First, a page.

The more that information is digested in small electronic chunks, however, the harder it becomes to identify it as a book. Barrie Rappaport, an analyst for Ipsos North America, foresees a steadily growing market for electronic publishing, "but I don't know if it's going to be book-driven or article-driven.
"People may read a chapter of this and then a chapter of that," she said. "Which creates an issue of: How do you deal with paying for that; how do you determine the perceived value?"
Libraries are another market in which going digital has clear advantages over paper, eliminating problems with lost or damaged copies of books and allowing all patrons to get a hold of hot-selling titles.
"E-books are perfect for today's librarian,' Adobe's Prehn said. "It helps them meet their mission for 24-hour access to information, and they can do it very cost-effectively." Adobe is working with distributors Baker & Taylor and Overdrive to help libraries in numerous cities set up e-book collections.
Once publishers get comfortable with the e-book market, they'll find that the plumbing is already in place for a quick transition. Publishers are increasingly centralizing on Adobe's PDF and the XML (Extensible Markup Language) standard it utilizes to bring books through the editing, design and printing processes. The combination allows for content to be automatically reformatted for new versions, making e-book conversion as simple as toggling a few software switches.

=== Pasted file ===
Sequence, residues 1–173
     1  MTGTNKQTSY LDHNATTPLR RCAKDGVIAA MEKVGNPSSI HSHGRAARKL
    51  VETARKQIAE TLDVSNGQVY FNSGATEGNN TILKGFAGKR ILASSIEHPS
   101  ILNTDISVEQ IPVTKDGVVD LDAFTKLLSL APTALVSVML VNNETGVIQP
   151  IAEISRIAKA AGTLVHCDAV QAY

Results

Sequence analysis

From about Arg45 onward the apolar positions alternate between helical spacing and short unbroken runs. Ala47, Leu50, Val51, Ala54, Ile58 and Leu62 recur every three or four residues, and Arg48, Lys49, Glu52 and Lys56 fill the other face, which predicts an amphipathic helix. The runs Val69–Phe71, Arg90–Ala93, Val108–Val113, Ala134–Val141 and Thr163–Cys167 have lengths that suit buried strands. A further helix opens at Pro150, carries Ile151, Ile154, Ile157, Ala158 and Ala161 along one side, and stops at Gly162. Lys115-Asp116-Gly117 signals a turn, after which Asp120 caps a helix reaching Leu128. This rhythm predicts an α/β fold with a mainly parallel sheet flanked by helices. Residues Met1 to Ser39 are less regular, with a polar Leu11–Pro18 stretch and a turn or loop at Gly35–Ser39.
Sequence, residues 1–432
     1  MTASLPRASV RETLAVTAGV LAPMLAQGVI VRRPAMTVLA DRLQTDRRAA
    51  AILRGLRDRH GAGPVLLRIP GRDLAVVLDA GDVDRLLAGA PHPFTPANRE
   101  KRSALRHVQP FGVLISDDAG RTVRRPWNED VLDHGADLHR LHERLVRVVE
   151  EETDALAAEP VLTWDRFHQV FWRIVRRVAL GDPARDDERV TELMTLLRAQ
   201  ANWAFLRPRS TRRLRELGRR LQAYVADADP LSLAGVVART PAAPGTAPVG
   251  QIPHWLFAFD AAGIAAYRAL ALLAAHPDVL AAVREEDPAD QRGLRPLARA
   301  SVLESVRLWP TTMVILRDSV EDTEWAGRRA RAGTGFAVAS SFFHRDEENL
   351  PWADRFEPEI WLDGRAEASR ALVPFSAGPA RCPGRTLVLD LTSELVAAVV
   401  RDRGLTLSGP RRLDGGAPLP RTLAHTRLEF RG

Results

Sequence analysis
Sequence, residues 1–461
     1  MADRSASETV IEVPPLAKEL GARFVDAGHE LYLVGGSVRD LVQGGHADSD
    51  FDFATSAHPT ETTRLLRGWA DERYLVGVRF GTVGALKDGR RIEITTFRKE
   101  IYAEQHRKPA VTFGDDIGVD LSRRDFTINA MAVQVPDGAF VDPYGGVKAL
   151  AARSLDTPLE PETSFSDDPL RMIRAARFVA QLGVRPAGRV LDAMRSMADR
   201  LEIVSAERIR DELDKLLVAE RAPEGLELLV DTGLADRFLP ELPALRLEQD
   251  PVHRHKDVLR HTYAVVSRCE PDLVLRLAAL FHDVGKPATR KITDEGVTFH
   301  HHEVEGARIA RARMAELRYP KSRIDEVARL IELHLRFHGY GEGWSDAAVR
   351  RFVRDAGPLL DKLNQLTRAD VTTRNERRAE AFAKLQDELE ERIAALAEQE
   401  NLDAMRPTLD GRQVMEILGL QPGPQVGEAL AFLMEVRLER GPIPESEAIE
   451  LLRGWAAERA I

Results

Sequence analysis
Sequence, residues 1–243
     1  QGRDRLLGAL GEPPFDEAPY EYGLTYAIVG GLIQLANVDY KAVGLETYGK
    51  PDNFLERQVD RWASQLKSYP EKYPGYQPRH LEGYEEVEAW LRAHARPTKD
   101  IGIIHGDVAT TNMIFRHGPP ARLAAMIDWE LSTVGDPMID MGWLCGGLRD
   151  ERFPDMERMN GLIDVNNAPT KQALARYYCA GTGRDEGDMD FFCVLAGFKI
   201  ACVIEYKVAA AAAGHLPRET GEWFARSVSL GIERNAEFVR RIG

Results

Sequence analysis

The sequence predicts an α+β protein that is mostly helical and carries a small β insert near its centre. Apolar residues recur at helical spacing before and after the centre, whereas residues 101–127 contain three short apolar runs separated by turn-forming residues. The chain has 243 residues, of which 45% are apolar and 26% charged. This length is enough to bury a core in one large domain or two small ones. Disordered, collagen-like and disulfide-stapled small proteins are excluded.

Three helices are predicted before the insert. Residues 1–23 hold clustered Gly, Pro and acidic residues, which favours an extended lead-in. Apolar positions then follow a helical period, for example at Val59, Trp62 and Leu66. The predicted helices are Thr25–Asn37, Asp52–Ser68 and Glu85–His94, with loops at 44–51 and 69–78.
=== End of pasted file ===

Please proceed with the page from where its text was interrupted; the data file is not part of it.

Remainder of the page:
"My advice to any publisher is to go to XML—just do it," Bedford said. "You can create a large-print version...It's so much more flexible than the old-style print processes, which are essentially just design. They're just a notch above (Project) Gutenberg."
Which brings up what some consider one of the biggest reasons why e-books will continue to be greeted with slow growth of acceptance. Current book reading habits are the result of centuries of accumulation, notes Gary Frost, conservator of the libraries art the University of Iowa in Iowa City.
Reading text on a screen and in search-equipped formats represents a profound behavioral shift, equivalent to the transition millennia ago from scrolls to multipage codexes, Frost said. Even digital enthusiasts will need time to adjust, he said.
"Think of how long it took the manuscript book to develop and transform itself into a print book," he said. "Here we are a decade into real online reading, and we expect to have the skill all developed. It takes generation of time to make a shift like that."